More than a decade ago, Michael Lewis was standing in the Oakland Athletics clubhouse one evening when he noticed naked ballplayers walking out of the showers. It was here, of all places, where the award-winning author had his eureka moment for what turned into a book that changed the way professional baseball teams assess talent.
“They looked horrible,” Lewis said of the naked men. “They were misshapen in every way. There’s fat everywhere, and one guy has two clubbed feet. They just did not look like athletes.”
Lewis, who spoke today at the 2014 Tableau Conference in Seattle, would later make his way to the Oakland front office, asking team executives about the players who “looked horrible when naked.” It was then that Lewis realized how the A’s were doing something no other team had ever attempted.
“We are in a market where people aren’t using data to actually profit,” the team told Lewis. “They’re using subjective judgments to value players and strategies.”
And that’s what sparked Lewis to write Moneyball, a book-turned-movie that analyzed how the A’s focused on analytics and sabermetrics — not looks and popularity — to value players. It was a data-driven strategy that challenged the status quo and led Oakland to great success while having one of the lowest payrolls in the majors. Now, countless teams in several professional sports leagues have hired an analytics expert to do exactly what the A’s implemented in the early 2000s.
Lewis, who also wrote The Blind Side: Evolution of a Game and most recently Flash Boys: A Wall Street Revolt, offered up some interesting data-related and storytelling insights to the audience on Wednesday.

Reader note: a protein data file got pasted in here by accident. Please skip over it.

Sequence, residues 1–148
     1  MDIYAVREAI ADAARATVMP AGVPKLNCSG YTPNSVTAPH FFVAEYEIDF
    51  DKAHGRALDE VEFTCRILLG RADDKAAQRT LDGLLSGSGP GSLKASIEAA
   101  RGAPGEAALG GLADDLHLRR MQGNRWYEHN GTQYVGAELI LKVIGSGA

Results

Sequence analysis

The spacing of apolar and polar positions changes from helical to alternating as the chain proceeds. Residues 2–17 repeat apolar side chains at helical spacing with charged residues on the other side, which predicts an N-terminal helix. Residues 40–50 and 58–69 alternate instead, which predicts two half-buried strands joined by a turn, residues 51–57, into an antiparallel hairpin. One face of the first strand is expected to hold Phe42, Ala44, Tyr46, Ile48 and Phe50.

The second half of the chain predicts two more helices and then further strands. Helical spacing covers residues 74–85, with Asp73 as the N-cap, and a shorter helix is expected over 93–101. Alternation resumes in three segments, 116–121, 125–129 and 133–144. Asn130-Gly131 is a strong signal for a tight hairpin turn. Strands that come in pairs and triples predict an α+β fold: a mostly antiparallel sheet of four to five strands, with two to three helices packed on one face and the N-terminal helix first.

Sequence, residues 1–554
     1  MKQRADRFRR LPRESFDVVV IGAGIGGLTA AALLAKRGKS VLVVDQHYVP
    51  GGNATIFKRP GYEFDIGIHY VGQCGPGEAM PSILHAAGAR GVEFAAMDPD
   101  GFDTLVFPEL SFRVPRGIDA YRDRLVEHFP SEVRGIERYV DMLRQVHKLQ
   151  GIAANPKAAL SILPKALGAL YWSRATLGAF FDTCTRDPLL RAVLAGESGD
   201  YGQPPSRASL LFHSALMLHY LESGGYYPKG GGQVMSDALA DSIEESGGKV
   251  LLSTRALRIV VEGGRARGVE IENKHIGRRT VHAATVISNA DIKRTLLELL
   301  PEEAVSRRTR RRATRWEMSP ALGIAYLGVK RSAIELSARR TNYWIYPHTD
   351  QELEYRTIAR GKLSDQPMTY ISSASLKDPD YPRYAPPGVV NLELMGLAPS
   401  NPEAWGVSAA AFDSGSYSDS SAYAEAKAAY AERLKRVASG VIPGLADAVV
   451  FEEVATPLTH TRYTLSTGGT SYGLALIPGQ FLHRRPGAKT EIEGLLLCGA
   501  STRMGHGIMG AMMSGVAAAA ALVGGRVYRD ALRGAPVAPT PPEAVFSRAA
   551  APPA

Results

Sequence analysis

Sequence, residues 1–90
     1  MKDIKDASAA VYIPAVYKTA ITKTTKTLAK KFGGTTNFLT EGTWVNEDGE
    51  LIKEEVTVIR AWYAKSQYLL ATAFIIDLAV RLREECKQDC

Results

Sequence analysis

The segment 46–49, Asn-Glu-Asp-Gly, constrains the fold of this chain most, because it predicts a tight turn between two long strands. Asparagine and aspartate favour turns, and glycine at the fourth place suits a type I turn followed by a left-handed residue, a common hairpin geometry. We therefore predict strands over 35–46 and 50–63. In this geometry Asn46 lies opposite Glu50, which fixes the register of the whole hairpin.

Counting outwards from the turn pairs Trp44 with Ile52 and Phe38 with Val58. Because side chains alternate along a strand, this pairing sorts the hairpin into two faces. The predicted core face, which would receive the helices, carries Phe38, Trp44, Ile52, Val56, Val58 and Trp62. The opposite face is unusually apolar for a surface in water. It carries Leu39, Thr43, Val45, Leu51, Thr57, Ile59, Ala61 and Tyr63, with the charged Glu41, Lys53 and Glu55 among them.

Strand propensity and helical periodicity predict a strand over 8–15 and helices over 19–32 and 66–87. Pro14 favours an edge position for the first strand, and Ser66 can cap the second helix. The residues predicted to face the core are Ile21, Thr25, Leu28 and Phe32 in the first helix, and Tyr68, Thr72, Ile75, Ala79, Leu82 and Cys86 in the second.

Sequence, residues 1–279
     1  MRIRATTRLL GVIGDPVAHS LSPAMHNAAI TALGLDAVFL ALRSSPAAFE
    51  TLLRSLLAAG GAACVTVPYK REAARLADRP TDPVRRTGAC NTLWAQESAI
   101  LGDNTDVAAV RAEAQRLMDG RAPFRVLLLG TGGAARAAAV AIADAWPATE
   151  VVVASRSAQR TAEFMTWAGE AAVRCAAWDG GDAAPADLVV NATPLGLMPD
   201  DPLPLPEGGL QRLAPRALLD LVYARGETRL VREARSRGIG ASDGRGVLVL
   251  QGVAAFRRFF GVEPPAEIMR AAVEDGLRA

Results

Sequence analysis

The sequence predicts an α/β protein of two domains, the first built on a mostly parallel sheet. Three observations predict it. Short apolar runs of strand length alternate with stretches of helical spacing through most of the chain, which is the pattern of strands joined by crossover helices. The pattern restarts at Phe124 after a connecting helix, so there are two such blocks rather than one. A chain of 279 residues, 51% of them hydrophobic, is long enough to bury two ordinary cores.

“I’m attracted to characters for whom data plays an essential role,” Lewis said.
Here are some of the other tidbits from Lewis’ talk at the event put on by Tableau Software, a publicly-traded Seattle company that specializes in data visualization products.
- Lewis said that while what Oakland did was smart, it was not original. Other people had written about baseball analytics on the web already. But what made the Athletics special was their courage to not only use the data, but apply it. “It isn’t just enough to have the better information and have the better visualizations,” he said. “You have to have the nerve.” Lewis said the same about the main characters in Flash Boys who revealed the unfairness going on with high-frequency trading on Wall Street.
- Lewis noted that the way the Oakland front office turned away from subjective data to find success is a method that can not only work in baseball, but other industries, too. “The data is the antidote to the biases that people bring to judgments about people, securities, about markets, about whatever,” he said. “It’s the argument for doing something a different way. In order to do it a different way, you have to understand the data.”
- When asked how he takes complicated subjects and makes them simple to understand, Lewis said that he always imagines that he’s explaining something to his mother. “I try to think, I’m explaining this so that someone who has no prior knowledge can understand it,” he said. “That is a very useful exercise.”
- On that same subject, Lewis advised people who are trying to tell a story to get rid of everything that’s not necessary, which in turn makes the subject less complicated. “The big challenge of storytelling is figuring out what you can get away with not saying, figuring out what you can eliminate from the story.” Lewis added that he tries to leave a hole for his audience to walk into where they can exercise some discretion over a story. “What I do is try to leave the audience with some opportunity to object.”
- As for his next project, Lewis hinted that he may spend time with President Barack Obama during his final year of presidency to write a book about decision-making. Obama has already allowed Lewis into his life for a Vanity Fair piece. “There’s a book to do about decision-making, using the presidential decision-making as the material,” he said. “That really interests me.”